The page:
Patient Advocates: How Medical Claims Professionals Can Slash Your Hospital Bill

Doctor consulting with a patient.

Overwhelmed by your hospital, doctor, or other medical bills?  Before you freak out — or pay up — you should know that as high as 90 percent of all medical bills contain errors, according to Medliminal, a medical cost containment firm. And guess what?  The majority of those errors are in the provider’s favor —not the patient’s favor.  Fortunately, there are little-known professionals you can hire who specialize in finding and fighting the overcharges on people’s medical bills so you pay only what you owe.

They go by many names –medical billing advocates, claims assistance professionals, medical claims professionals, healthcare claims advocates—but those who have hired one have another word: godsend. These pros know how to read a murky medical bill, spot the glaring errors, and negotiate on your behalf. Some charge an hourly fee, ranging from $25 to $150, for their work, but others work on contingency. That means you pay nothing unless they negotiate a lower payment for you!  That, in turn, means they are highly motivated to do just that. Medical billing advocates who work on contingency charge a percentage of the amount they saved you —typically 15 to 35 percent.

Cynthia K. of Florida thought being diagnosed with breast cancer was the worst thing that could happen to her. But then the hospital where she had her 40-minute lumpectomy overcharged her. Before the operation, the hospital told her it would cost $5,000. Instead, she got a bill for $12,700 – right in the middle of her devastating course of chemotherapy. To make matters worse, Cynthia, an artist, was uninsured.  Desperate for help, she hired a medical billing advocate. Her advocate found all sorts of classic errors. The hospital had billed Cynthia for two first hours in the operating room. How many first hours can there be? There were drugs listed on the medical bill even though they weren’t in Cynthia’s medical record. And the hospital had charged Cynthia $192 for a postoperative support bra that her advocate was able to find for just $19 on the internet!  After a couple of weeks of research, this skillful, passionate advocate was able to cut her bill by $6,858 — more than half.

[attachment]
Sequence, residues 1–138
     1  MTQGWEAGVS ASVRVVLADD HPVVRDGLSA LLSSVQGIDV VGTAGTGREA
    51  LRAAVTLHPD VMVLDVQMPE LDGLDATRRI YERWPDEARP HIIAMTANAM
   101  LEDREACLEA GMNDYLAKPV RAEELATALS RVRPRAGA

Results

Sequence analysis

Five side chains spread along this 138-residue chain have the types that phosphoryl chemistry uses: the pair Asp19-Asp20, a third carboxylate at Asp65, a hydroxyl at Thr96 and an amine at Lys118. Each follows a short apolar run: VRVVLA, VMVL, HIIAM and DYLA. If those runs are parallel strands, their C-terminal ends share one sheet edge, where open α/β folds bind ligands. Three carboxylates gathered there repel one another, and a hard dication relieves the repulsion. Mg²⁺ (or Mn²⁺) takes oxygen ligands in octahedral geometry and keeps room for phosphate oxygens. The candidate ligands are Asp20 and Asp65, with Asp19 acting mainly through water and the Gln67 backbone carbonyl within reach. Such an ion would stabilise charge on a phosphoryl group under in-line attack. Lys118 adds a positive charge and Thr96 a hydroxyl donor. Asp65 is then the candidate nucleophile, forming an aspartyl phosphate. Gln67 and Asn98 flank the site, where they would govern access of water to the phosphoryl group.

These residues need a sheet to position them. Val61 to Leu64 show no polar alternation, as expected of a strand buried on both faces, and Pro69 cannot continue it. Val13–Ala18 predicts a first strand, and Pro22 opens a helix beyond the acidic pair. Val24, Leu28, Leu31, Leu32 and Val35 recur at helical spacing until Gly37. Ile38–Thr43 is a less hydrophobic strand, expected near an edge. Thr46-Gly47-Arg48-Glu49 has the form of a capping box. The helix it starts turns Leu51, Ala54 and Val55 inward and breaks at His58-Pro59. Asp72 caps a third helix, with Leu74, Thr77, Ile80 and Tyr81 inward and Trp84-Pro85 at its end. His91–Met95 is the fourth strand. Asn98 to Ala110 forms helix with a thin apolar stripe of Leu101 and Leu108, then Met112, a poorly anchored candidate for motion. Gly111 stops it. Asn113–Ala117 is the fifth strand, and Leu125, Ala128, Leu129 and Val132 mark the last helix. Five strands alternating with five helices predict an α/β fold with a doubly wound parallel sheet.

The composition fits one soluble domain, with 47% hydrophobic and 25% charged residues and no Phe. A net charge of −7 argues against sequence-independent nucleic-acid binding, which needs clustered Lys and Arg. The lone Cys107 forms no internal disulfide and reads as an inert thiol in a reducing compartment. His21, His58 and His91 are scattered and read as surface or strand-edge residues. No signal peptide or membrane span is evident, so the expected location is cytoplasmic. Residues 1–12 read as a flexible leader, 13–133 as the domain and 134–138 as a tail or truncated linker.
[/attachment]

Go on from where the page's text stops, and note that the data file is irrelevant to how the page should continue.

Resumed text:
Those are just the mistakes for which one woman was charged.  Here are several other medical billing errors patient advocates say are shockingly common:

  • Misplaced decimals: One patient was given a medication that costs $87.40, but he was billed $874 for it!
  • Medical Mistakes: If a hospital procedure gives you an infection—or otherwise makes you worse instead of better— you shouldn’t have to pay for that.
  • Inappropriate Charges: Supplies like syringes, IV tubing, and gauze are usually included in the cost of a hospital room.
  • Upcoding: This is where a hospital bumps a procedure up to the next code level and charges for something more complicated which costs more.
  • Unauthorized Procedures: Procedures the doctor didn’t order.
  • Phantom Services: Services the patient did not receive.
  • Canceled work: The doctor’s orders are entered immediately, but if those orders are canceled, the cancellation may not make it into the record.

The above examples happen mostly in hospitals, but medical billing advocates can help you reduce doctors’ bills, lab bills, and other medical bills as well. In addition, many of these patient advocates will help you negotiate with your insurance company, if it has refused to pay for some or all of your care. To hear directly from an experienced medical billing advocate, about what kinds of bills are easiest to fight, I invite you to listen to Episode 18 of my podcast, Easy Money. I can’t describe what makes a good case nearly as well as someone in the trenches. If you want to find a medical billing advocate, I have created a detailed list with links at the bottom of this blog post. That should give you several options for hiring someone to help you in this time of need.

Elisabeth Leamy is a 20-year consumer advocate. She also recently launched a podcast and blog called Easy Money.